Counselor brings in grant

Published 10:22 pm Saturday, October 17, 2009

There is a unique set of challenges for students of military families.

On top of balancing the workload of school assignments, extracurricular activities and community service projects, they also have to deal with the realities of deployments, war and constant relocation.

In Hampton Roads, the school systems are filled with many military families thanks to the Norfolk Naval Base as well as other military facilities in the area.

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Because of this, Suffolk schools – like many others – have a large breakdown of military families.

Northern Shores Elementary School, specifically, has an especially large portion of its student population coming from military backgrounds.

“We have a lot of children with parents or caretakers in the military,” said Maria Eiring, a guidance counselor at Northern Shores. “So with us continuing to have this many families the military, I feel it’s an important part of my role as a counselor to have the best resources available.”

In order to attain those resources, Eiring submitted a grant request to the Joint Military Services School Liaison Committee, which reviews requests from the 12 school districts in Hampton Roads.

Eiring’s request was selected.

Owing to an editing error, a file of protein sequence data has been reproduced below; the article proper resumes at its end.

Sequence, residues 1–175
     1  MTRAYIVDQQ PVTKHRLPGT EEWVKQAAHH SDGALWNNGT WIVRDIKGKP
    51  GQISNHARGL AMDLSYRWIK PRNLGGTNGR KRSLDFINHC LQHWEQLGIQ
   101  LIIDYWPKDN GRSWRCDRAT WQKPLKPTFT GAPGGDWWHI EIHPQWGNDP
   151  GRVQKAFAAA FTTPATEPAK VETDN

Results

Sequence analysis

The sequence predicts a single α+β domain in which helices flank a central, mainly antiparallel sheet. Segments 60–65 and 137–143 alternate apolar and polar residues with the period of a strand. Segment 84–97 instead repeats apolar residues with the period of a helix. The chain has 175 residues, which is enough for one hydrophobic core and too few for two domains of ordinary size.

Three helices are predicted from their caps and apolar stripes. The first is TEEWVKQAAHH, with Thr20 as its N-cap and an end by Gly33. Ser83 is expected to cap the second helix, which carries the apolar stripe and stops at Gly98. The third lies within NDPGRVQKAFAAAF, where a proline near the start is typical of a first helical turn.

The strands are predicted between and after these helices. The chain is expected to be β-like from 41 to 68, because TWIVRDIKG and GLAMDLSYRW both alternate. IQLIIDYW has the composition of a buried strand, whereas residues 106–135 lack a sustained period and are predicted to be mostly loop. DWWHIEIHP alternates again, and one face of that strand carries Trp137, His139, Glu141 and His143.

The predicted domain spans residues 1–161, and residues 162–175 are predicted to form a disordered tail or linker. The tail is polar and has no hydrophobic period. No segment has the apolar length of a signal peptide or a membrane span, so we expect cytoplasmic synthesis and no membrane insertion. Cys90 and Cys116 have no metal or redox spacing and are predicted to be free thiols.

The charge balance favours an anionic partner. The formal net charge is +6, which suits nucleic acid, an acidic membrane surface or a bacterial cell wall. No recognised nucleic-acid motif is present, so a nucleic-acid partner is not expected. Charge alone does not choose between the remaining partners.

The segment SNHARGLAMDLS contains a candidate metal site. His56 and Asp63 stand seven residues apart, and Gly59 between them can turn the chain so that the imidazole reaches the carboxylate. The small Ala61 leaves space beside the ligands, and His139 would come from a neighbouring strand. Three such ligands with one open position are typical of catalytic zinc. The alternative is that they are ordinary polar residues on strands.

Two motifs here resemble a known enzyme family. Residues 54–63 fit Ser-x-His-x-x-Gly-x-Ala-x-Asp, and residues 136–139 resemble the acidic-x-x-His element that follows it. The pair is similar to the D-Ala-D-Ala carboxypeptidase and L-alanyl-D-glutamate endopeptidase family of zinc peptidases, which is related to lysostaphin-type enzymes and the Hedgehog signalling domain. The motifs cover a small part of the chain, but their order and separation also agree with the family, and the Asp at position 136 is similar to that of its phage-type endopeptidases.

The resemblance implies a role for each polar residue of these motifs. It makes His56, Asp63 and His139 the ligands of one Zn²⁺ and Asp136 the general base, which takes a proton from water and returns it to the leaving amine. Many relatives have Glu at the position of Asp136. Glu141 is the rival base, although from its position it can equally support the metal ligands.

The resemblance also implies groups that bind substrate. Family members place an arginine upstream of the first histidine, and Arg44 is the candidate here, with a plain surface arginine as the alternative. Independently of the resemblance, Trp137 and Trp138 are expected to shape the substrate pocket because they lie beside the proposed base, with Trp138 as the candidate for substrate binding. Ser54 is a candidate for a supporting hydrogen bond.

According to a press release from Suffolk Public Schools, the selection panel “was very impressed with Eiring’s initiatives geared toward addressing the needs of military children in her school.”

The school was granted $500 to purchase books and DVD’s on deployment, patriotism, military related holidays, and transition materials as well as ice cream social items to recognize and support the students experiencing deployment this school year.

While the new resources will help with the military families, Eiring said they will also serve a larger purpose.

“I wanted to have resources for students and the staff and the families,” Eiring said. “Whether its patriotic materials or moving and deployment materials, or reunion information and material, that’s going to be helpful for parents and kids. In general, though, it’s a good thing to work in patriotism with school spirit. It should be a part of what the children are learning in their every day social studies and so forth. It’s a lot good to be educating everybody and reaching out globally too.”

The materials purchased from the grant will go to the school’s “lending library” for parents and community members.

“It was very exciting (to win),” Eiring said. “It’s doing a lot of good.”